While the work done at RetroRGB is centered around video games, we’re essentially a “technology” site focused on gaming. As a result, we’re constantly running into deep technical issues and very often that includes getting older computer hardware to work on newer equipment and operating systems. One common issue: Drivers.
Developer Ben Cox ran into this exact issue when trying to use an Epiphan VGA2USB on a newer version of Linux in which it wasn’t supported. This especially hit home for me, as the Epiphan series of USB capture cards are excellent and with the right software can be perfectly tweaked to capture both retro gaming consoles and computers’ off video timings (as Michael Huth so wonderfully demonstrates).
I guess this post has a few purposes: A shoutout to Ben’s work, a thank you to people who help keep this hardware alive and a reminder that we really need custom open source capture software designed specifically for capturing pixel-perfect classic game signals with affordable hardware.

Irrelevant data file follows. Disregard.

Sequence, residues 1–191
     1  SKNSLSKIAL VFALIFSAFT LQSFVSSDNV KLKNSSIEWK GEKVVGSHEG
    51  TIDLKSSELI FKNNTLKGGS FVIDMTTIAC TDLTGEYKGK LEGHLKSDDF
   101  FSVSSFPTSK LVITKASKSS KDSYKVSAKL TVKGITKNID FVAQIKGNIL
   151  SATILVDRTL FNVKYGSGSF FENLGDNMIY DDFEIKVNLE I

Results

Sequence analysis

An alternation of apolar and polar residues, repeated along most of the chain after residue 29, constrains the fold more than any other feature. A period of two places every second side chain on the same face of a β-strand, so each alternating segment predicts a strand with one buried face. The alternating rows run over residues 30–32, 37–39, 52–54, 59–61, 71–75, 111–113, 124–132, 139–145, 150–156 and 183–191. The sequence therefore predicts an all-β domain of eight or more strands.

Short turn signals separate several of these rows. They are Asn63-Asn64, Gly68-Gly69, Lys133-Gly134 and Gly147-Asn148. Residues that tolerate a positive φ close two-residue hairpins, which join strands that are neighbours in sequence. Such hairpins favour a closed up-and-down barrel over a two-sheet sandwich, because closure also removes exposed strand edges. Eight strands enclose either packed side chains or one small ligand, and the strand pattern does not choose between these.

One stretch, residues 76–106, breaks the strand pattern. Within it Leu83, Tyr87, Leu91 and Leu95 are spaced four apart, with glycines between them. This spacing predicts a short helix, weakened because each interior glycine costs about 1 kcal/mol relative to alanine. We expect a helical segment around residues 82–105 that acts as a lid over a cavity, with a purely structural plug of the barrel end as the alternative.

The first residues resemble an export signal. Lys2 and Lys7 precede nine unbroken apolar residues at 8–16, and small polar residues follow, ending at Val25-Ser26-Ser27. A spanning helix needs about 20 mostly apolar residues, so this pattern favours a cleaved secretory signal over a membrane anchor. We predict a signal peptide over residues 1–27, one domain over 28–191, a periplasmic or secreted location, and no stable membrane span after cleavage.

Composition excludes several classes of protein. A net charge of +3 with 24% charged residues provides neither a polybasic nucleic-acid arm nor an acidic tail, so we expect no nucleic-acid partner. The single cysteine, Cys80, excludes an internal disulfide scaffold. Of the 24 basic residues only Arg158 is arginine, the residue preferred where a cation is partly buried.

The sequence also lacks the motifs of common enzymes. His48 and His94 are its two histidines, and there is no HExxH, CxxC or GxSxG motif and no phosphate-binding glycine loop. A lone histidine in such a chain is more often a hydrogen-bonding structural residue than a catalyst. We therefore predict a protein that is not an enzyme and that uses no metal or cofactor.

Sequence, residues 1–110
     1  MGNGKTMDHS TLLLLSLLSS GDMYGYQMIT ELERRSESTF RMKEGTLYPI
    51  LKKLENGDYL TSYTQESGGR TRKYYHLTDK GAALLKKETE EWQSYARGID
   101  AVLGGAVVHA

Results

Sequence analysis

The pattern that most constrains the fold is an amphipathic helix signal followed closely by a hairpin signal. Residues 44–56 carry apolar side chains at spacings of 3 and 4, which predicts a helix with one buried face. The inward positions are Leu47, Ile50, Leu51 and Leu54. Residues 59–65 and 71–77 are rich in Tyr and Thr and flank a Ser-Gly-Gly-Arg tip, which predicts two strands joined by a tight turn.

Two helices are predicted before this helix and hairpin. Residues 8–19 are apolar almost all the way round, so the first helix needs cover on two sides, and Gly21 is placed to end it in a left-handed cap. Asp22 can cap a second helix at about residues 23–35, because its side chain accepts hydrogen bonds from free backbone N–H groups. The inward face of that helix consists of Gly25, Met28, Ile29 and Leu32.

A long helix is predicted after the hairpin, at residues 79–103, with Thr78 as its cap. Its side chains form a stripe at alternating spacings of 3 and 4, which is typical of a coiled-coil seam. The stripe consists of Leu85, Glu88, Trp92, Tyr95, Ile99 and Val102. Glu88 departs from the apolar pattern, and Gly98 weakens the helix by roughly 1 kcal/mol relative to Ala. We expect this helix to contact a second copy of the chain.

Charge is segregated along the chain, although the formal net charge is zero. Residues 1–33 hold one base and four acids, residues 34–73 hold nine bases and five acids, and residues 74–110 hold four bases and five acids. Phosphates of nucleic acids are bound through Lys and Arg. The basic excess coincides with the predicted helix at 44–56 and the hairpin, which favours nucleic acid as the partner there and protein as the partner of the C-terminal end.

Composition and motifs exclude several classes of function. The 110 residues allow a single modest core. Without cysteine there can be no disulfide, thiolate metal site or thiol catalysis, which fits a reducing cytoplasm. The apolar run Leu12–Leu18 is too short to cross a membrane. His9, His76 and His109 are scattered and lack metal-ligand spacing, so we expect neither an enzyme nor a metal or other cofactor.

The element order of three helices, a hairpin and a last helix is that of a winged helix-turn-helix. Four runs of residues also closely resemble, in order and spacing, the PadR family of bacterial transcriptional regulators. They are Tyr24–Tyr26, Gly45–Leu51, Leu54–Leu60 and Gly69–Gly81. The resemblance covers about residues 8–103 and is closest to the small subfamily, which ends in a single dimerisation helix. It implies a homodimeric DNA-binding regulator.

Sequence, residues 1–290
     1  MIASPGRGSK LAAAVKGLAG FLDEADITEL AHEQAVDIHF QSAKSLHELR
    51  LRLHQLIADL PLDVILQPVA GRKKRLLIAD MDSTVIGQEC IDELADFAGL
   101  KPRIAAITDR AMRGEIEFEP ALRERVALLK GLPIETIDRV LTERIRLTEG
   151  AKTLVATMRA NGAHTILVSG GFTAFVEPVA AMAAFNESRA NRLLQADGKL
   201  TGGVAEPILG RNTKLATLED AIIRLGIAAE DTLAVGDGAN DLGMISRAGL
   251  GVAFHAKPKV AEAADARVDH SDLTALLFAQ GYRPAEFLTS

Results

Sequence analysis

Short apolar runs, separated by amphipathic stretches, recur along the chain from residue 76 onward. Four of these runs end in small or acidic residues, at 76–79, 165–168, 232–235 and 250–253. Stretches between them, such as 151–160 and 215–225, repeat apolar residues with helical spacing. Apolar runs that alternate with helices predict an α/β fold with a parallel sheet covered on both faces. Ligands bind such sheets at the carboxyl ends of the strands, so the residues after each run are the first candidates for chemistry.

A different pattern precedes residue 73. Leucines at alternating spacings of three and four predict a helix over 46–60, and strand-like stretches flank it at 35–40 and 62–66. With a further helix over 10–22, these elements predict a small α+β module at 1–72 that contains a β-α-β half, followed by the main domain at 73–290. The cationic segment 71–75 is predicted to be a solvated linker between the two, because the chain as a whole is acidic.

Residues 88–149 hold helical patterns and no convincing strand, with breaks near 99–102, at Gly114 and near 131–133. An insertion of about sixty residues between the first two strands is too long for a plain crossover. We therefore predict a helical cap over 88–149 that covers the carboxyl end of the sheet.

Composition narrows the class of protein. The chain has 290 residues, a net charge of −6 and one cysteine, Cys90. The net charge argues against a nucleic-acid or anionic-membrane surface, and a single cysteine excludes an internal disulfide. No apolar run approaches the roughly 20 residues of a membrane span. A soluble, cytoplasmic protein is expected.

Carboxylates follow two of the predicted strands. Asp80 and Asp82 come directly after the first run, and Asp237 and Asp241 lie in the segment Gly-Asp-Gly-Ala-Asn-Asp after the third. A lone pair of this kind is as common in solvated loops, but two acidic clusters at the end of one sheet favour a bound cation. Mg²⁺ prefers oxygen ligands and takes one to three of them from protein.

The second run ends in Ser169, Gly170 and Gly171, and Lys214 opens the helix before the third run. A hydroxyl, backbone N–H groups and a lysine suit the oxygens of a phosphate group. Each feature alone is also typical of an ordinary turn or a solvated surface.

Check out Ben’s post here: https://blog.benjojo.co.uk/post/userspace-usb-drivers
Pre-built versions for Linux and OSX available here: https://github.com/benjojo/userspace-vga2usb/
Ever bought something and after it being delivered realising the drivers for it were bad?
This happened to me recently, so I took it as a chance to learn how to write user space USB drivers!
Writing userspace USB drivers for abandoned deviceshttps://t.co/E8I2dZYt39 pic.twitter.com/9z4eh2JPP8
— Ben Cox (@Benjojo12) November 17, 2019